2. Taxes

As mentioned above, there are situations where sending large sums of money can alter someone’s tax situation. One of the clearest examples is gift taxes.

In 2022, the annual exclusion for gifts is $16,000, allowing you to send up to that amount without triggering any taxes. However, if you go above that, you may owe taxes on that money. You’ll have to file information with the IRS regarding the gift, and that could trigger taxes.

It’s important to note that there are some exceptions beyond the annual exclusion. For instance, gifts used to pay qualifying medical expenses or tuition aren’t taxable regardless of the size of the gift. Gifts to spouses are also exempt.

3. Transaction-Related Fees

Many financial institutions charge fees for handling certain transactions. In the same of sending large sums of money, there could be a sending fee and receiving fee. If the cash crosses through another financial institution along the way, you may see intermediary fees. There can also be correspondent bank fees, as well as cancellation fees if you decide to stop a transfer.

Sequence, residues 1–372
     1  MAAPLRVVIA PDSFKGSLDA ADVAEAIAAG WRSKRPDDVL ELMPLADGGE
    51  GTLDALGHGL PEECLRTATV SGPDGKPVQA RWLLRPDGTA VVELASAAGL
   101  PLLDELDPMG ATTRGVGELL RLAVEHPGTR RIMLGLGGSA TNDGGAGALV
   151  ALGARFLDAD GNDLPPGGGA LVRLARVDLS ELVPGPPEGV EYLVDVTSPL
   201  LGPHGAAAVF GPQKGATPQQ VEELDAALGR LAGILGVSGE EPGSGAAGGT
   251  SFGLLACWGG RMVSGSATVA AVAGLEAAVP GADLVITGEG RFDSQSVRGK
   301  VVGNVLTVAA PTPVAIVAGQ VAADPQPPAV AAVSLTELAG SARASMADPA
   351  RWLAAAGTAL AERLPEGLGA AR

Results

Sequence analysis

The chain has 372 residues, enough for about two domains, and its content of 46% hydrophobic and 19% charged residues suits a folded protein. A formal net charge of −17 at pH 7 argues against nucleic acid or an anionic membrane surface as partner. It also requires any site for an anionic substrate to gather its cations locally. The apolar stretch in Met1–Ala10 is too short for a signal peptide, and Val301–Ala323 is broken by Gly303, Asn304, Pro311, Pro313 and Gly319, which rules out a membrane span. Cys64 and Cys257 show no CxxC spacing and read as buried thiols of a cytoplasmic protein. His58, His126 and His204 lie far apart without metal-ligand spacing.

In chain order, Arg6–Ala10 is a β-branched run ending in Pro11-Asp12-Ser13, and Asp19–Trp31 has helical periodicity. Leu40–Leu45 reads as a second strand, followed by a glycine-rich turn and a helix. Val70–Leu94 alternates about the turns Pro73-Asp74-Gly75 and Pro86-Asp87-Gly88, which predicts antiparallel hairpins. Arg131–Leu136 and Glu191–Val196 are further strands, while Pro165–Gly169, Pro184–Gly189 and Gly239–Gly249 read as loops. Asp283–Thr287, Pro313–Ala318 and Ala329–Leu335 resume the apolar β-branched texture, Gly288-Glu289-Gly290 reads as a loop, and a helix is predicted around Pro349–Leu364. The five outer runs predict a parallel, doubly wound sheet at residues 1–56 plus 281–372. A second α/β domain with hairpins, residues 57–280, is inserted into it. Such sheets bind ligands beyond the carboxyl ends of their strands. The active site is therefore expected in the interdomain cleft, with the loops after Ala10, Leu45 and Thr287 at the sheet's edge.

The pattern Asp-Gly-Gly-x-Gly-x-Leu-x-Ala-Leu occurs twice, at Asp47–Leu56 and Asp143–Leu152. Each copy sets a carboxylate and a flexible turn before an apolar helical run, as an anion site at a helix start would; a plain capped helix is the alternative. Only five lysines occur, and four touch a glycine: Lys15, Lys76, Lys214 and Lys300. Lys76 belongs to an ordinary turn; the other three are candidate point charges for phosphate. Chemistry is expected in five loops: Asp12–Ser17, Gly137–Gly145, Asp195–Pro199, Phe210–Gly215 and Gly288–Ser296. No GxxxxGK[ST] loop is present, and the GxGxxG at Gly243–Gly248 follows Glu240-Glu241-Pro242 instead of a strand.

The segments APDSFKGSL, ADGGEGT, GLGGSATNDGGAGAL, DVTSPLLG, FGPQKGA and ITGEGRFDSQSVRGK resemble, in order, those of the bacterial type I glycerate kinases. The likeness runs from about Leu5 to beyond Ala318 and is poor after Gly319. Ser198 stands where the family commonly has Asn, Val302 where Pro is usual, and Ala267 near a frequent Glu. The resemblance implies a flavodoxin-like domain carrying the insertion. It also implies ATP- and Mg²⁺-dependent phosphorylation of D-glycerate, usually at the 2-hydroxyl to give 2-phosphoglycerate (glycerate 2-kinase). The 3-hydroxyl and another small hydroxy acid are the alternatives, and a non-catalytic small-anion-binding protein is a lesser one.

In most cases, these fees are removed from the cash you’re sending, which means the recipient gets less than what you originally sent. However, some may have to be paid separately, so keep that in mind.

4. Exchange Rates and Exchange Fees

If you’re sending large sums of money overseas, then exchange rates and related fees can be costly. Most financial institutions charge a fee for any currency exchanges they manage. Those fees can vary dramatically in amount. Plus, how the cost is calculated may be different depending on the institution you use.

Some financial institutions may have a flat fee, while others may charge a percentage of the total amount of money exchanged or do it on a per-unit basis. With the latter, that could involve a small markup for every whole unit of the currency you’re purchasing.